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2020 / 2021 Edition

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Major leap forward for sustainable materials

Aggregate Industries

Aggregate Industries welcome new Net Zero rules for major UK government contracts

AGGREGATE Industries have welcomed the news that firms looking to bid for UK government contracts worth more than £5 million will need to prioritize sustainable building materials as a new rule requires them to commit to achieving net-zero carbon emissions by 2050.

Earlier this month, the UK Government announced that from September it will require businesses to commit to net zero by 2050 and publish clear and credible carbon-reduction plans before they can bid for major government contracts. Contactors will also need to demonstrate how they will manage their impact on the environment throughout the contract.

Welcoming the new measures as a ‘major leap forward for sustainability’, Aggregate Industries, whose parent company, LafargeHolcim, last year became the first construction materials company to sign the Net Zero Pledge, is pressing firms to make the most of emerging sustainable materials such as low-carbon concrete and asphalt.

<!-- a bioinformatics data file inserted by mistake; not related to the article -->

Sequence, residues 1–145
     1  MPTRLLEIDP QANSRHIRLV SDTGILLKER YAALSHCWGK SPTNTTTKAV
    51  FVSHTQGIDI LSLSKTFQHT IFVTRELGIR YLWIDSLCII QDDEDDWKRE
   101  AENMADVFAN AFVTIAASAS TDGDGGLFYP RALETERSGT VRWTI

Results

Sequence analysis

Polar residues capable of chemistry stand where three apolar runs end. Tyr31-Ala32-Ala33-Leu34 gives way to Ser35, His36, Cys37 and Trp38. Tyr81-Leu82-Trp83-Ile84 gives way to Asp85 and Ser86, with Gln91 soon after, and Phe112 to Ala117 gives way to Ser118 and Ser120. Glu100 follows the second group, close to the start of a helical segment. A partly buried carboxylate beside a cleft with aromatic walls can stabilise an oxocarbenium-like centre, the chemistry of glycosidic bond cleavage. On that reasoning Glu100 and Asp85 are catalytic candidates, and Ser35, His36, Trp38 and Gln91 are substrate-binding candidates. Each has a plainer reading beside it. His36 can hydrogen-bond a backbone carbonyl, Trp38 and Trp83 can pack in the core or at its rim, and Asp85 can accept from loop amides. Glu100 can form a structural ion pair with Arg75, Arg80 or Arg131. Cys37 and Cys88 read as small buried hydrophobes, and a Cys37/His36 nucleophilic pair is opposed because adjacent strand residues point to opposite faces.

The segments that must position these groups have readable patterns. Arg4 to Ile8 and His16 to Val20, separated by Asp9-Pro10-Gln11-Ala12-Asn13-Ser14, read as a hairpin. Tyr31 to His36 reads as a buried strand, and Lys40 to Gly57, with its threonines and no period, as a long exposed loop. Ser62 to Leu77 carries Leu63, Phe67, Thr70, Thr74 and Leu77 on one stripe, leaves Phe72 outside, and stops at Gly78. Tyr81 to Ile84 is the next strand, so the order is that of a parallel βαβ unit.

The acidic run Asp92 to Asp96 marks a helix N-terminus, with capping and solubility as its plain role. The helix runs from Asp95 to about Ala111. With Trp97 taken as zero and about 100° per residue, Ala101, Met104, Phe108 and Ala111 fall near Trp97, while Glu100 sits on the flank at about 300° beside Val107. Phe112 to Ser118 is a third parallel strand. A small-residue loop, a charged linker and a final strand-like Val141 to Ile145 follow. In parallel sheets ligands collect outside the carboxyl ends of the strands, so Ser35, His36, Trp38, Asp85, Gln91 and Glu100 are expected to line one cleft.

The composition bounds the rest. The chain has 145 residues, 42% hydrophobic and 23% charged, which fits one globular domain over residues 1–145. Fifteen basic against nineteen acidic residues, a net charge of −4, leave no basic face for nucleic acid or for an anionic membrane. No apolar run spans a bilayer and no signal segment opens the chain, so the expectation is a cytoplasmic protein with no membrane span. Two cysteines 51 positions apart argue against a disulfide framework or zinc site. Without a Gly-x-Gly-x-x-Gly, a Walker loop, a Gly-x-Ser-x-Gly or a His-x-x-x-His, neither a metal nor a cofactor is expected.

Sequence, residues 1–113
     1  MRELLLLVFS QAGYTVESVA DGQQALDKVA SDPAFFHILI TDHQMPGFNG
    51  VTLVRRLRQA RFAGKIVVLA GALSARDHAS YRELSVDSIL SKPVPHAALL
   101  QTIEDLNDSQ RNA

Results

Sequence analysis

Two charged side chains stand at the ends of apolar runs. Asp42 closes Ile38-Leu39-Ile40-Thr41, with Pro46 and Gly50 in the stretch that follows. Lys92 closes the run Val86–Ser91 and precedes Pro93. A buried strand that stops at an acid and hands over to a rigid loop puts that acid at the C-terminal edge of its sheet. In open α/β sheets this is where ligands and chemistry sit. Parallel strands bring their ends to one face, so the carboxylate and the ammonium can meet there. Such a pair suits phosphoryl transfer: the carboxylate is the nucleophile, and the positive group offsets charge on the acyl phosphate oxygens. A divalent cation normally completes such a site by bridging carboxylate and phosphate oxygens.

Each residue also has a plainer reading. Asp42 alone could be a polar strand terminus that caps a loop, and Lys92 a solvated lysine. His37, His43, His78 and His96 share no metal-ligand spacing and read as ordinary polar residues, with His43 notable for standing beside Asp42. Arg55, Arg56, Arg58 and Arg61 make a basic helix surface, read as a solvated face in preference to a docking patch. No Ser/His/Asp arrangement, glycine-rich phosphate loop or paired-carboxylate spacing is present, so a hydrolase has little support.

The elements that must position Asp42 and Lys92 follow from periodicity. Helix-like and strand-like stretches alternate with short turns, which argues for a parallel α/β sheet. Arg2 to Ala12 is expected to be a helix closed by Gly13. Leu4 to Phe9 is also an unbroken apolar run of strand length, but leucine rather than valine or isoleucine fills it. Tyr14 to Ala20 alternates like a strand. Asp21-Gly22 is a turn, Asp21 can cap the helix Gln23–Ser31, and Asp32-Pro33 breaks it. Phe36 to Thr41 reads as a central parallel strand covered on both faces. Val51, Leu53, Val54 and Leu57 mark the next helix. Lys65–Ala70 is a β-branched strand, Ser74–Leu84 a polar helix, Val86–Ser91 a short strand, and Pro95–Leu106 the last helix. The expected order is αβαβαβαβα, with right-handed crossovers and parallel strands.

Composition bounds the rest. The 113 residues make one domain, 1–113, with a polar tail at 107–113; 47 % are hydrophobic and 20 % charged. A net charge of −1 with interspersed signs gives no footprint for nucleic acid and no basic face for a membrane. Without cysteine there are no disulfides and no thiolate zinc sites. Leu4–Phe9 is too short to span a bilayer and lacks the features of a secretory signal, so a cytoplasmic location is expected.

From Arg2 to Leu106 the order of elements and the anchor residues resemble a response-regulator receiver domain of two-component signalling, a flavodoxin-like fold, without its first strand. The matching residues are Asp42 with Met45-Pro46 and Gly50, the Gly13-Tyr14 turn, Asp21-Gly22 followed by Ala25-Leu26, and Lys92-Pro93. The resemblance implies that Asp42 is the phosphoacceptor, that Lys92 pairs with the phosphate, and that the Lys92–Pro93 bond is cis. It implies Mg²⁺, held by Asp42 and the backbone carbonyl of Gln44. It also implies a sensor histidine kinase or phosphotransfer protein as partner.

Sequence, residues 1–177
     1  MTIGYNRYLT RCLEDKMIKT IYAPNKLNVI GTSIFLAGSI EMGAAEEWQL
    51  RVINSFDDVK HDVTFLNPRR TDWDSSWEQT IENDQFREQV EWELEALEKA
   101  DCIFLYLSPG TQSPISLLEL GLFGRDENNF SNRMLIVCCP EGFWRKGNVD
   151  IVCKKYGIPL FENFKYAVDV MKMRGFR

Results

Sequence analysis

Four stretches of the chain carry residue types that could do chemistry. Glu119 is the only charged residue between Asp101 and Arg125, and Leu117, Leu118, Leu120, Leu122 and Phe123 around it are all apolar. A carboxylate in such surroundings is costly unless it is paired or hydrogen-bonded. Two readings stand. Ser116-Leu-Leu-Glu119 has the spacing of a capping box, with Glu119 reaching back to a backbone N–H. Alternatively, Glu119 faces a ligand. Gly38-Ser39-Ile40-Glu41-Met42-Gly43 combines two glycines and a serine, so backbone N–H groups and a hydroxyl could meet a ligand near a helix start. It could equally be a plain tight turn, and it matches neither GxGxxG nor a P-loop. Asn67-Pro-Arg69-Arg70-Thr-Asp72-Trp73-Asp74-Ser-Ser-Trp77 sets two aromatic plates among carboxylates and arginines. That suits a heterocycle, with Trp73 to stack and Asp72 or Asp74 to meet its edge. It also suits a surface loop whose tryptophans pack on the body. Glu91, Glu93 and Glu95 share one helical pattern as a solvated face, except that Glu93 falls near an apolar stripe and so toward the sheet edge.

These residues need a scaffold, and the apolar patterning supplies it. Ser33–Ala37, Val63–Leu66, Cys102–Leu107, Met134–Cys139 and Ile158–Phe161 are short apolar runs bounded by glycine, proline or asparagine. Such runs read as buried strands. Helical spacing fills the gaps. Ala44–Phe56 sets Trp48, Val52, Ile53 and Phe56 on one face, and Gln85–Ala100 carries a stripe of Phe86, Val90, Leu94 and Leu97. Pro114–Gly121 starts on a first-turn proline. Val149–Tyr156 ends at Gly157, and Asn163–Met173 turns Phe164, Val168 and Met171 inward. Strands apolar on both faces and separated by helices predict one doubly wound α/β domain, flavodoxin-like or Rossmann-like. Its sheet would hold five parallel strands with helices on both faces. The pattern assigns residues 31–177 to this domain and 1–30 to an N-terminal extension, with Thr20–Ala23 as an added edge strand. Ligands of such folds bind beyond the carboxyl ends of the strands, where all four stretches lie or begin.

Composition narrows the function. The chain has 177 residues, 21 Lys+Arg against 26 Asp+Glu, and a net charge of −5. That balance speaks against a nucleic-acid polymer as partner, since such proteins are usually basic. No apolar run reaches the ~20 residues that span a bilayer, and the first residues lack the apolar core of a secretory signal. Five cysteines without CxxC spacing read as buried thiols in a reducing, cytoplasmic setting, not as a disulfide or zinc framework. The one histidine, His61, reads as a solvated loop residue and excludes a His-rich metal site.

Kirstin McCarthy, sustainability director at Aggregate Industries, commented: ‘Given the billions of pounds the government spends on construction schemes each year, these new rules are a major leap forward for sustainability – positioning the UK as a world leader.

‘However, it also means that companies hoping to win these lucrative government contracts must demonstrate a credible, robust and ambitious plan for achieving net-zero carbon emissions.

‘The good news is that Aggregate Industries have invested heavily to innovate and develop low-carbon materials in recent years, including concrete, concrete blocks and asphalt. The speedy adoption of these will be fundamental to any successful tender, hence, we’d urge those that haven’t done so already to prioritize the use of sustainable building materials now.’

The advice comes as, for the first time, the UK Government will require companies to report some Scope 3 emissions – including transportation, distribution and waste from their operations as well as suppliers – which often represent a significant proportion of an organization’s carbon footprint.

As part of a long-term strategy to decarbonize their operations, Aggregate Industries recently announced that their Cauldon Plant, in Staffordshire, will undergo a £13 million investment project to reduce its carbon footprint. This will be achieved by building a new pre-processing plant for the storage, handling and feeding of solid alternative fuels that would otherwise end up as landfill.

Ms McCarthy added: ‘While reaching Net Zero remains a big challenge for the construction sector, we’re seeing tangible progress. For instance, at Aggregate Industries, not only are we committed to removing as much transport from roads as possible through the use of rail and water transport, but we’re also leading the way in helping clients to make sustainable design and purchasing decisions by providing carbon calculations.

‘By working with suppliers truly committed to Net Zero, contractors will be well placed to demonstrate their environmental credentials to help them secure public sector projects in the coming years.’

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